Freedom to trade internationally
Regulation of credit, labor, and business.
Hong Kong ranks first on the measure that looks at the size of government, and first in two other categories: freedom to trade and low regulatory burden. Credit markets and labor markets in particular have low regulatory burdens.
Singapore ranks 25th for the size of its government, and scores high for having freedom to trade (2nd), a low regulatory burden (7th) and firm property rights (6th).
3. New Zealand
New Zealand has a big government for its population — it ranks 125th — but is 2nd for having a legal system that supports a free economy, and has a low regulatory burden for businesses, ranking 4th in that category.
Compared with other developed word economies, Switzerland has a fairly small government, ranking 25th worldwide. But it is 4th in the world for having a legal system that supports freedom. It ranks lower on freedom to trade internationally, 87th worldwide.
5. United Arab Emirates
The UAE, home to high-flying Dubai, ranks highly for freedom to trade (9th) and has a low regulatory burden (10th), with a labor market that has little regulation. It ranks 9th in the world in that subcategory
The small nation in the Indian Ocean is in the top quartile in every category. It’s ranked 21st in the world for having a small government (21st), and 5th in the world for freedom to trade internationally.
Jordan is in the top quartile for its small size of government (13th), its freedom to trade internationally (26th), and its regulatory infrastructure (22nd) — its labor and business markets are particularly lightly regulated.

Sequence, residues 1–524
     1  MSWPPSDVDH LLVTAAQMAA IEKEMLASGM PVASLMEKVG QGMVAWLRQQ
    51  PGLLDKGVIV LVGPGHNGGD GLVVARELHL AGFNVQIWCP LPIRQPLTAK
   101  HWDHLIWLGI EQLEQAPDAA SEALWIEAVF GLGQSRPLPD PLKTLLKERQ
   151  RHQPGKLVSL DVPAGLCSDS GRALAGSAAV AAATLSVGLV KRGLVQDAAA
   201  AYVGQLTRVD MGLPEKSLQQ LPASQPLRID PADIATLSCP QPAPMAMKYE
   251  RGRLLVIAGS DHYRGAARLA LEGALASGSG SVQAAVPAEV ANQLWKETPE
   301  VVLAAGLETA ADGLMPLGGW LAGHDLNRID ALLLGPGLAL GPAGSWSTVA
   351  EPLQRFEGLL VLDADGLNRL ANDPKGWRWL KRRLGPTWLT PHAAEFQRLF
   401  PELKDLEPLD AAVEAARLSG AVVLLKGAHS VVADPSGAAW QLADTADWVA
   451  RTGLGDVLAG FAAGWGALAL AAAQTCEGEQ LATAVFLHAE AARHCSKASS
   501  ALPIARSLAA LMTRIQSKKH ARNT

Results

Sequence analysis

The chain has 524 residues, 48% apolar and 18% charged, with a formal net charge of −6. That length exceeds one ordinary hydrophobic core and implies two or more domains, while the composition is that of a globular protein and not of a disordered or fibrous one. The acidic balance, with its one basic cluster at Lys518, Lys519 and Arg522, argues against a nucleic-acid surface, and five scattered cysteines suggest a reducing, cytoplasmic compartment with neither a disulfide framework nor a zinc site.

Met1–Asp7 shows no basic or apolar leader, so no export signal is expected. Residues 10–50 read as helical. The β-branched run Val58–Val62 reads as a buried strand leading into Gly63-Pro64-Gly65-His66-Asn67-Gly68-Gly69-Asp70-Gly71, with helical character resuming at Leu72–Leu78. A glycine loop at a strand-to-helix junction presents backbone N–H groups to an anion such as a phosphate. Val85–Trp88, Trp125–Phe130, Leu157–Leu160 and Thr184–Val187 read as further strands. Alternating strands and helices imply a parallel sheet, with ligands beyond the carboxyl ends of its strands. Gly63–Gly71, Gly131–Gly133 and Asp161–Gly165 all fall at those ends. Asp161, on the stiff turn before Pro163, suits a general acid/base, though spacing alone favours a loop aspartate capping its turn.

Ireland ranks third in the world for freedom to trade internationally, and 10th and 11th for its legal system and sound money, respectively. It’s in the top quartile for its low regulatory burden (39th).
Like many developed economies, Canada has a fairly large government, ranking 99th. But its light regulatory system puts it in the top 10 in that category (9th), and it’s at the very top in its regulation of credit markets. It also scores in the top quartile for its legal system and sound money (11th and 33rd, respectively)
10. Tie: the U.K. and Chile
Chile has a fairly small government, ranking 16th in the world, and a lot of freedom to trade, ranking 12th. The United Kingdom ranks highly in three categories: legal system and property rights (17th in the world), sound money (10th) and freedom to trade internationally (14th).
Where Does the U.S. Rank?
“The United States, once considered a bastion of economic freedom, now ranks 16th in the world with a score of 7.73. Due to a weakening rule of law, increasing regulation, and the ramifications of wars on terrorism and drugs, the United States has seen its economic freedom score plummet in recent years, compared to 2000 when it ranked second globally,” says the report.
This article was written by Elizabeth MacBride from Forbes. This reprint is supplied by BNY Mellon under license from NewsCred, Inc.